I. The Antioch church (13:1-3)

As we studied in chapter 9, the early Christians were scattered by the persecution in connection with Stephen (11:19-24). Some Christians ran for their lives and came to Antioch, a cosmopolitan meeting place of Jew, Greek, Roman and Syrian. Here the gospel of Jesus first attracted pagan attention. The church at Jerusalem sent Barnabas to Antioch to see about them. The Jerusalem church did not send a bigoted person, but Barnabas. It is obvious that the Jerusalem church had a good intention to help the Antioch church, despite racial prejudice.

When Barnabas arrived, he saw that a great number of people were filled with the Holy Spirit and faith in the gospel of Jesus Christ (11:22 - 24). God had already established the Antioch church as the first headquarters of the Gentile Christian church. A main member of the church in Antioch was Barnabas, who loved God more than money (4:36,37), and who had introduced Saul to the apostles. He believed God's work in Saul. He also recognized the Antioch church as a legitimate Christian church (11:22-26). Then there were Niger, Lucius, who came from Cyrene in North Africa; Manaen, who had courtly connections; and Saul, who was a trained Rabbi. The Antioch church was, in essence, international. Verse 2 says, "While they were worshiping the Lord and fasting, the Holy Spirit said, 'Set apart for me, Barnabas and Saul for the work to which I have called them.'" The Antioch believers devoted themselves to prayer and Bible study as their expression of worshiping God. The church was seeking God's will.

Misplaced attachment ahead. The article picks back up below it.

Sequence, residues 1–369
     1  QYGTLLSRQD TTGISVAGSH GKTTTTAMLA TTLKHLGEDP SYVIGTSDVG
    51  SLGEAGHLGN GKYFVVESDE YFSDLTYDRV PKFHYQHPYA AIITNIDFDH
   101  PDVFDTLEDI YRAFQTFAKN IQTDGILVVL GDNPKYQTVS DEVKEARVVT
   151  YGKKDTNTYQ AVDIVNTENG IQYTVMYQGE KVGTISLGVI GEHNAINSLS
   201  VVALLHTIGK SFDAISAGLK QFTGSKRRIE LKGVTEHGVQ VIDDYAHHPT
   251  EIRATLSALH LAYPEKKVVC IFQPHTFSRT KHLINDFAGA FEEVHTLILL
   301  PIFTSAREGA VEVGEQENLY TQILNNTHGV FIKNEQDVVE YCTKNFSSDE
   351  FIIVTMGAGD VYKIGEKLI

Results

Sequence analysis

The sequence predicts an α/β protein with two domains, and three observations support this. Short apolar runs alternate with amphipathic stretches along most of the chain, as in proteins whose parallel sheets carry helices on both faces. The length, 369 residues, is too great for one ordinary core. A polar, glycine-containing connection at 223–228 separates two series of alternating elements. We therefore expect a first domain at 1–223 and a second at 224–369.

As soon as they heard that they should set apart Barnabas and Saul as missionaries, they obeyed, even though these two men were two main pillars in their church.

II. The work of God in Cyprus (13:4-12)

Cyprus was a Roman province and the home country of Barnabas (4:36). Obviously, Barnabas desired to share the gospel of Jesus first of all with his own people. Barnabas and Saul, by the guidance of the Holy Spirit, went down first to Seleucia, a port city of Antioch. From there they went to Salamis, a city of Cyprus, and proclaimed the gospel of Jesus Christ. Cyprus was an island country like the Philippines.